The Ten Commandments Killer

"The Ten Commandments Killer" is the eighth episode of the fifth season of the anthology television series American Horror Story. It aired on December 2, 2015 on the cable network FX. This episode was written by Ryan Murphy and directed by Loni Peristere.

"The Ten Commandments Killer"
American Horror Story episode
Episode no.Season 5
Episode 8
Directed byLoni Peristere
Written byRyan Murphy
Featured music
Production code5ATS08
Original air dateDecember 2, 2015 (2015-12-02)
Running time46 minutes
Guest appearance(s)
Episode chronology
← Previous
"Flicker"
Next →
"She Wants Revenge"
American Horror Story: Hotel
List of American Horror Story episodes

PlotEdit

Det. John Lowe recalls seeing Wren in a glass coffin in Hotel Cortez. He returns there and demands to know the truth from Liz Taylor. Sally leads him to Room 64 to find answers. There, behind the armoire, John finds the preserved body parts from the victims of the Ten Commandments Killer. Sally convinces John that he is the new Ten Commandment Killer, following the path set by James March. John goes to the hospital and meets Hahn. He confesses to being the Ten Commandment Killer and has regained his memories. He had first visited Cortez in 2010, where Donovan had taken him to March's dinner party with Elizabeth. March was so impressed by John that he sent Elizabeth away to spend quality time with him. Once John passed out, March discussed John's potential as a protege with Elizabeth. She agreed to abduct Holden to prepare John for his destiny with March.

In the aftermath of Holden's disappearance, John frequently visits the Hotel to meet March and to continue an ongoing sexual relationship with Sally. During one visit, March shows John his trophy room. To satiate his hunger for injustice, March suggests a target to John: Martin Gamboa, who checked in and molested a ten-year-old boy, and left behind Polaroids of their sexual activity. John visits Gamboa and beats him to death with the Oscar statue, (originally sent to him at the police station), before trying to hang himself. March saves him and reprimands Sally for failing to do so. Sally and March help John cope with his murder of Gamboa, and March shows him the legacy of the Ten Commandments Killer which he wants John to finish. John appoints himself as lead investigator of the case with no knowledge that he is the actual killer.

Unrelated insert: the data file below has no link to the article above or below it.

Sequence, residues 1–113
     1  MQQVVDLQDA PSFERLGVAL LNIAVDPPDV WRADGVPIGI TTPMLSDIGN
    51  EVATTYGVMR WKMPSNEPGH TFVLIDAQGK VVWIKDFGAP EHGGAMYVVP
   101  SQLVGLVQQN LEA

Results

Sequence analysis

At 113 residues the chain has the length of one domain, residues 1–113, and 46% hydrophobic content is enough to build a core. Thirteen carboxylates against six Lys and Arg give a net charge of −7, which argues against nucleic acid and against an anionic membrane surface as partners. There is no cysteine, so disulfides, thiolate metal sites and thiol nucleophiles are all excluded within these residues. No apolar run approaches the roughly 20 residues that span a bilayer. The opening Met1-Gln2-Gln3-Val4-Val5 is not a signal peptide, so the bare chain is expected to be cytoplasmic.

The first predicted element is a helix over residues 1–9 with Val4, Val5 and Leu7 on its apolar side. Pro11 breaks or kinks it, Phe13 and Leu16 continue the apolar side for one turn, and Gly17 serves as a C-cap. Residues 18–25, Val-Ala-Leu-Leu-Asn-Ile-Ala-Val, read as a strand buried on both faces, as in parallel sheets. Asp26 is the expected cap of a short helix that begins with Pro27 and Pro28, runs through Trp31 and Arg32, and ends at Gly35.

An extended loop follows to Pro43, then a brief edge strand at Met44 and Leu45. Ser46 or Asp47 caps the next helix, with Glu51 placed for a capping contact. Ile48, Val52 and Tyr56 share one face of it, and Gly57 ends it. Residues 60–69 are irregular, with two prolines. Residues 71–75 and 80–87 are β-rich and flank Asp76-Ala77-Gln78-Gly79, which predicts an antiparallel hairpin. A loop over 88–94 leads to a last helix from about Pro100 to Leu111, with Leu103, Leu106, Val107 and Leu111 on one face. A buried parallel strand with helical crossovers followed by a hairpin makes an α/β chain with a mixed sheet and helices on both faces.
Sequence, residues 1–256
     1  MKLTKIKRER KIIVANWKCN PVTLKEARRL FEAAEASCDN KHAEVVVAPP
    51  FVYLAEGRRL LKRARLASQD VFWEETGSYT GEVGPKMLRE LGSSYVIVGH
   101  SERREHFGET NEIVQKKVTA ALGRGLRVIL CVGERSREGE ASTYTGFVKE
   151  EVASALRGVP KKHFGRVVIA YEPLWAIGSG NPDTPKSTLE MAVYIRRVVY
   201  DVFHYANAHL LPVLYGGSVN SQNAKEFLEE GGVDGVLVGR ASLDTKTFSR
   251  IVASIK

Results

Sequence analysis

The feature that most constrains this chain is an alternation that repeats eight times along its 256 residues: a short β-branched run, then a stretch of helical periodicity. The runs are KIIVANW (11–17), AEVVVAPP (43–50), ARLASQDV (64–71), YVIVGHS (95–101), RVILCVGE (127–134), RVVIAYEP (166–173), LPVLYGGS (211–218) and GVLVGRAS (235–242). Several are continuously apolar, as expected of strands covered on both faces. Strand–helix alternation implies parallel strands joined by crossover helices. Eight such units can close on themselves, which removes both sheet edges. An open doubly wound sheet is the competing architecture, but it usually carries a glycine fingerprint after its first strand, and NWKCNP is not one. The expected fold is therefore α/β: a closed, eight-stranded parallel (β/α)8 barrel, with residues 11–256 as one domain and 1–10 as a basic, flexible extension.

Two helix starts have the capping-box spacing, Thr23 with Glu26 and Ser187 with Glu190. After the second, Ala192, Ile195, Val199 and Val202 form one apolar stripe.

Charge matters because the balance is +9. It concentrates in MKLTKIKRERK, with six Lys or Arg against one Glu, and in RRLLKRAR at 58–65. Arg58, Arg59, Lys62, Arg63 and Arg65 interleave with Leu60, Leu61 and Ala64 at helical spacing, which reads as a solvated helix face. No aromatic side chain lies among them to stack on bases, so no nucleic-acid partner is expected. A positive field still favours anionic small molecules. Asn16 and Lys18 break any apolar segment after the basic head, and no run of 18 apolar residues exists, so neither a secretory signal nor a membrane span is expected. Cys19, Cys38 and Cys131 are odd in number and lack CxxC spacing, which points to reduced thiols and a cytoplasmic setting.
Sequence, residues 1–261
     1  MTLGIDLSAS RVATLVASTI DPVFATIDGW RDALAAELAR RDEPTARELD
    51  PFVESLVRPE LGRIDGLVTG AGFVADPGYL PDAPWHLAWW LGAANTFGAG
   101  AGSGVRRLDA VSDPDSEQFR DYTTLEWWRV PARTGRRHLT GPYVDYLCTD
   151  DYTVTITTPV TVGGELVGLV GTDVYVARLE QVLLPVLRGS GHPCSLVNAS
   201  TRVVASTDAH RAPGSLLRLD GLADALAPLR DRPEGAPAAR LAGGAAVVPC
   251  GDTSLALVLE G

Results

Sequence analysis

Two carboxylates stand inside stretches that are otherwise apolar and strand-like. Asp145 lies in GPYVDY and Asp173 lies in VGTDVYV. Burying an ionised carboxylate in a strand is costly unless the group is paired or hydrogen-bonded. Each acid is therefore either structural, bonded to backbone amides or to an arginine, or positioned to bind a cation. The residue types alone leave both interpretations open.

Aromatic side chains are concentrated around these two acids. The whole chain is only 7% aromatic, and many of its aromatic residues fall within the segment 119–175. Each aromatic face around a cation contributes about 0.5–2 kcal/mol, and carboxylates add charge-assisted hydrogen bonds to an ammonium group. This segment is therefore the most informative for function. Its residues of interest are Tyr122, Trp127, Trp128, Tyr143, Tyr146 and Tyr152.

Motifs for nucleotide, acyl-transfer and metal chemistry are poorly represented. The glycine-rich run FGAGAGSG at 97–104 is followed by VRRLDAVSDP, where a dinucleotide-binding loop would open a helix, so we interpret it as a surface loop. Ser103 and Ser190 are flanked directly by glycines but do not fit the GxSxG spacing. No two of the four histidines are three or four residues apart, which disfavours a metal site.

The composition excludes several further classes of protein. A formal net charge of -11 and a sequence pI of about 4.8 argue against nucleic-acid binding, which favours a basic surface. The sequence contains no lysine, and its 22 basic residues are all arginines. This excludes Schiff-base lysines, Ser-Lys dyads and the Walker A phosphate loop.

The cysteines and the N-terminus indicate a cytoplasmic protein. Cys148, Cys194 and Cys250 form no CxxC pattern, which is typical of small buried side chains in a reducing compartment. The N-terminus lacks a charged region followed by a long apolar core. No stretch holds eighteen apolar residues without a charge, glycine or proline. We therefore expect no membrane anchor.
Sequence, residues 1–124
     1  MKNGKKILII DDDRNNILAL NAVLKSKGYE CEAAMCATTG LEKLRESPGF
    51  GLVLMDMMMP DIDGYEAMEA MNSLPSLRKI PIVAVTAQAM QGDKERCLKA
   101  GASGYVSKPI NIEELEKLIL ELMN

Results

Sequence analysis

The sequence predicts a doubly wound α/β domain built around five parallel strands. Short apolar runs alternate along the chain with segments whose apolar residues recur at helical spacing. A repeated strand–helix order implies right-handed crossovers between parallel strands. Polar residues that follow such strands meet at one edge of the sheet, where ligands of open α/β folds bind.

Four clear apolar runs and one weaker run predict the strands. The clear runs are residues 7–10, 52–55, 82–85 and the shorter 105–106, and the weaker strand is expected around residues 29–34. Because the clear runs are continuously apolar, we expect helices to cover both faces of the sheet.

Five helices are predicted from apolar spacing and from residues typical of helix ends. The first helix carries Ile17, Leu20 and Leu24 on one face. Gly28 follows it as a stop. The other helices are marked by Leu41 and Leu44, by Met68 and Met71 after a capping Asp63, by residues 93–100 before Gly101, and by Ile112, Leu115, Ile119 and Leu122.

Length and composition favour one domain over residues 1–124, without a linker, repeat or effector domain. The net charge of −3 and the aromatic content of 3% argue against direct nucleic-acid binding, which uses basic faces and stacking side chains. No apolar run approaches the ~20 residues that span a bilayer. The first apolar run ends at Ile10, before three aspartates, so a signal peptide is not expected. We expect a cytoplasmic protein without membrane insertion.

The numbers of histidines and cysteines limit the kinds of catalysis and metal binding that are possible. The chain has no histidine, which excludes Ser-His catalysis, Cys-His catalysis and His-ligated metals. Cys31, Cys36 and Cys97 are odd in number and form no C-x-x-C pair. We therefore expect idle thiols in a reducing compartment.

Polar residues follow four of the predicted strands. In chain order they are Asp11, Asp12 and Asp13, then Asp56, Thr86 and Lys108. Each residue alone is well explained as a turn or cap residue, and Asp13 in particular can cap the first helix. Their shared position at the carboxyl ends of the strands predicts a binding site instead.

Sally provides the next target to John: an adulterous couple who had checked in the Cortez. March also explains to him that the Cortez cannot be linked to the crimes, so John set up the lovers to stage their murder elsewhere. Hahn drapes the sheet over Wren's corpse, unwilling to believe that his partner is the killer. John says that Hahn is wrong, and stabs him with an autopsy tool with an admonition not to covet his neighbor's wife; John had confirmed that Hahn had been lusting after Alex Lowe.

Returning to the Hotel, John encounters Iris, and tells her that he remembers everything. She is relieved, as she was never sure whether he would and was always tempted to explain it all to him. Then he demands the key to Room 64. Inside, he and March place Hahn's severed penis and testicles in the trophy case.

ReceptionEdit

"The Ten Commandments Killer" was watched by 2.31 million people during its original broadcast, and gained a 1.2 ratings share among adults aged 18–49.[1] It also ranked third in the Nielsen Social ratings, with 93,000 tweets seen by over 1.01 million people.[2]

The episode received mostly negative reviews from critics, earning a 36% approval rating based on 14 reviews, with an average score of 5/10, on review aggregator Rotten Tomatoes. The site has no critical consensus as of May 2020.[3]

ReferencesEdit

  1. ^ Porter, Rick (December 3, 2015). "Wednesday cable ratings: 'AHS: Hotel' dips, news channels rise with shooting coverage". TV by the Numbers. Retrieved December 3, 2015.
  2. ^ Fratti, Karen (December 3, 2015). "Scoreboard: Wednesday, Dec. 2". Lost Remote. Retrieved December 5, 2015.
  3. ^ "The Ten Commandments Killer". Rotten Tomatoes. Retrieved December 10, 2015.

External linksEdit